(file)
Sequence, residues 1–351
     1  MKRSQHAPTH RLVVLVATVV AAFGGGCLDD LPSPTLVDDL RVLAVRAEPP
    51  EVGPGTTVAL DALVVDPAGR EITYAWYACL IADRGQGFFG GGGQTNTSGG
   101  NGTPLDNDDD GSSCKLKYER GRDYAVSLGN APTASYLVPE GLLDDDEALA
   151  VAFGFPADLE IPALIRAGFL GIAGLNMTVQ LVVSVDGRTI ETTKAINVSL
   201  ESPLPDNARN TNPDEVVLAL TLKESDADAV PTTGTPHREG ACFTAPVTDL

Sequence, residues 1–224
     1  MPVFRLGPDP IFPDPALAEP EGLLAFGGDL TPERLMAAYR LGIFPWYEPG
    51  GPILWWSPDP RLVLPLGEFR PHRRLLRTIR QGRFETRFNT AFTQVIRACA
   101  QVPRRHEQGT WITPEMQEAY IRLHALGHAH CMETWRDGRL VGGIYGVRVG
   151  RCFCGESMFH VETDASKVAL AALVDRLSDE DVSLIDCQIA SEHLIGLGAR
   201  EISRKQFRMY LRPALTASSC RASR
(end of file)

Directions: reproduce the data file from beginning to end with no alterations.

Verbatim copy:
Sequence, residues 1–351
     1  MKRSQHAPTH RLVVLVATVV AAFGGGCLDD LPSPTLVDDL RVLAVRAEPP
    51  EVGPGTTVAL DALVVDPAGR EITYAWYACL IADRGQGFFG GGGQTNTSGG
   101  NGTPLDNDDD GSSCKLKYER GRDYAVSLGN APTASYLVPE GLLDDDEALA
   151  VAFGFPADLE IPALIRAGFL GIAGLNMTVQ LVVSVDGRTI ETTKAINVSL
   201  ESPLPDNARN TNPDEVVLAL TLKESDADAV PTTGTPHREG ACFTAPVTDL

Sequence, residues 1–224
     1  MPVFRLGPDP IFPDPALAEP EGLLAFGGDL TPERLMAAYR LGIFPWYEPG
    51  GPILWWSPDP RLVLPLGEFR PHRRLLRTIR QGRFETRFNT AFTQVIRACA
   101  QVPRRHEQGT WITPEMQEAY IRLHALGHAH CMETWRDGRL VGGIYGVRVG
   151  RCFCGESMFH VETDASKVAL AALVDRLSDE DVSLIDCQIA SEHLIGLGAR
   201  EISRKQFRMY LRPALTASSC RASR